Take Special and General Relativity as example, the premises "Every observer is the same", "the speed of light is constant for everyone", "you cannot distinguish between an accelerating lift and a lift in gravity", etc, are all either measurable, or would make the universe quite incomprehensible if wrong ("every observer is the same"). Then you work out the math and got the equation, and if observation did NOT fit, BAM! the theory is wrong.

      If the precession of Mercury was not exactly what GR predicted, there is nothing else you can play with without causing it to fail in other areas.

      Sure, you can postulate that it was GR that was wrong instead of the existence of some dark matter. But until you can come up with another theory of gravity that worked as well as GR AND do away with dark matter, then having one workable theory (GR) + one unknown (dark matter) seems better than having no workable theory at all.

      • (Score: 1) by evilviper on Monday February 24 2014, @12:38PM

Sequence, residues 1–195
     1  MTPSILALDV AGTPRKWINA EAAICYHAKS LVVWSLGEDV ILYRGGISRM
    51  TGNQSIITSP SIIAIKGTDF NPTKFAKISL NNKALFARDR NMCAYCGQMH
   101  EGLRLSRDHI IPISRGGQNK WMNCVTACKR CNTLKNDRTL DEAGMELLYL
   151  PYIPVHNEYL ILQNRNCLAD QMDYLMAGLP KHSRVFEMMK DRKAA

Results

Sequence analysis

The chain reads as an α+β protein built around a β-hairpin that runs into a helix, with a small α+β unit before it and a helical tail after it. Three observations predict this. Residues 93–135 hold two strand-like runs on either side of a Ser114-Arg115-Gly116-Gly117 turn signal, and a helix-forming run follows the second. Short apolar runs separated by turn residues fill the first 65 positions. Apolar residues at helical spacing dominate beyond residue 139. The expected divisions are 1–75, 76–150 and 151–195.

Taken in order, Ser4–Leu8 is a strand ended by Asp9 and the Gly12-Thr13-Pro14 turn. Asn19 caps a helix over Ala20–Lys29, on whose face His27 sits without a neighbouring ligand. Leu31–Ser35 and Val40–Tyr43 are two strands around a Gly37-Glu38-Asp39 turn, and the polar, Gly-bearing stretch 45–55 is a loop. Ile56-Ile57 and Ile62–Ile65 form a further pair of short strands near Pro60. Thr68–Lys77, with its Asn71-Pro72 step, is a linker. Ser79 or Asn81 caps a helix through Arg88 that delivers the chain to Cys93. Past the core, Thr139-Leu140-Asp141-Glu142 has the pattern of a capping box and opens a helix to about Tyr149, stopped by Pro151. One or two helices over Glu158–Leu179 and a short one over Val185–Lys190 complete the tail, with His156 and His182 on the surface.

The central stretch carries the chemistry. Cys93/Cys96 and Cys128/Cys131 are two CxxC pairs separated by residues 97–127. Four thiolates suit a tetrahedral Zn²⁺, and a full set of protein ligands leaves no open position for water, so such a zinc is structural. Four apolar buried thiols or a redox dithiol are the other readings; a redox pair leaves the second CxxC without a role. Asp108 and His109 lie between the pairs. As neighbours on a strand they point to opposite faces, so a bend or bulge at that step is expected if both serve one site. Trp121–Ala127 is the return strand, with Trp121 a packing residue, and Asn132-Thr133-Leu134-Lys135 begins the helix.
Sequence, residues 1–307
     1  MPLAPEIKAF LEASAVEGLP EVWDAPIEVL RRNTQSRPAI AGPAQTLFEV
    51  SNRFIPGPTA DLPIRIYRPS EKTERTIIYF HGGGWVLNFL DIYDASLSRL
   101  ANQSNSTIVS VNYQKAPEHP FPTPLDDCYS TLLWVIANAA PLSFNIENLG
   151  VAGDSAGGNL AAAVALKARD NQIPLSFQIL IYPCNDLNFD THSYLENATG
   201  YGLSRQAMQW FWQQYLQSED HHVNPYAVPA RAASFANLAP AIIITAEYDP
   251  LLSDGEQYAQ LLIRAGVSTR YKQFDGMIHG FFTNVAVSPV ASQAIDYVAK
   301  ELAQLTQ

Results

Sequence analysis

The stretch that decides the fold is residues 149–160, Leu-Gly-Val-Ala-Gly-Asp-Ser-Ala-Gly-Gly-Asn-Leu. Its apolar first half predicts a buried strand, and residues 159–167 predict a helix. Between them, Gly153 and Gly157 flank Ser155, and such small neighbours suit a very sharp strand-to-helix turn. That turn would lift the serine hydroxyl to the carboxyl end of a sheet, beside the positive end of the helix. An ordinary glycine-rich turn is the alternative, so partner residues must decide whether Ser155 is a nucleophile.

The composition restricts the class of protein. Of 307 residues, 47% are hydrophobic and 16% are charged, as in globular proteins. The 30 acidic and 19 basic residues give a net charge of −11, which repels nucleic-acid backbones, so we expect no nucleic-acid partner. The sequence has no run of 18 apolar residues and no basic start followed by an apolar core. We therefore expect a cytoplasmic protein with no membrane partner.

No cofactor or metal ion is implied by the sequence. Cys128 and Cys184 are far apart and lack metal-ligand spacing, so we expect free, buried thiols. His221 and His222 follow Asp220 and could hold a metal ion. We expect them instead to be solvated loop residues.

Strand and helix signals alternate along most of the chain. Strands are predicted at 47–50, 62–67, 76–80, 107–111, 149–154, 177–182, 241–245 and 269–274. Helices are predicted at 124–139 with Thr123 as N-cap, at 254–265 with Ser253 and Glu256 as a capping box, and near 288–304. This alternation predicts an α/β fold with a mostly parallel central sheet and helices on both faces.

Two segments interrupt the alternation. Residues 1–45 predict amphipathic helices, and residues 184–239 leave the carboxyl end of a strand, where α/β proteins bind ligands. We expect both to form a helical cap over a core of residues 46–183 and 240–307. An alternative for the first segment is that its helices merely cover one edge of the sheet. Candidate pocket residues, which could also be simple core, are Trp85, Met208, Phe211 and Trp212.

by evilviper (1760) on Monday February 24 2014, @12:38PM (#5759) Homepage Journal

        the premises "Every observer is the same", "the speed of light is constant for everyone", "you cannot distinguish between an accelerating lift and a lift in gravity", etc, are all either measurable, or would make the universe quite incomprehensible if wrong

        It doesn't have to invalidate the entire theoretical basis of GR/SR, just because the equations need a fudge factor to work. Just consider the Cosmological Constant... Or consider how it falls apart with black holes or other quantum phenomena.

        But until you can come up with another theory of gravity that worked as well as GR AND do away with dark matter, then having one workable theory (GR) + one unknown (dark matter) seems better than having no workable theory at all.

        It's not an either-or. You can keep using it, but you should acknowledge that there seems to be something "wrong", rather than acting like it's an entirely solved problem. Think of Newtonian mechanics before GR... Nobody invented exotic new theoretical types of matter to make the equations match more closely than they do.

        Better yet, just TRY to consider the possibility that in the next couple decades there will be numerous experiments trying to identify and study dark matter / energy, and it's possible they'll all simply come back with a negative result. Then you still have numbers that work, but without the conceit that they might be theoretically sound.

        --
        Hydrogen cyanide is a delicious and necessary part of the human diet.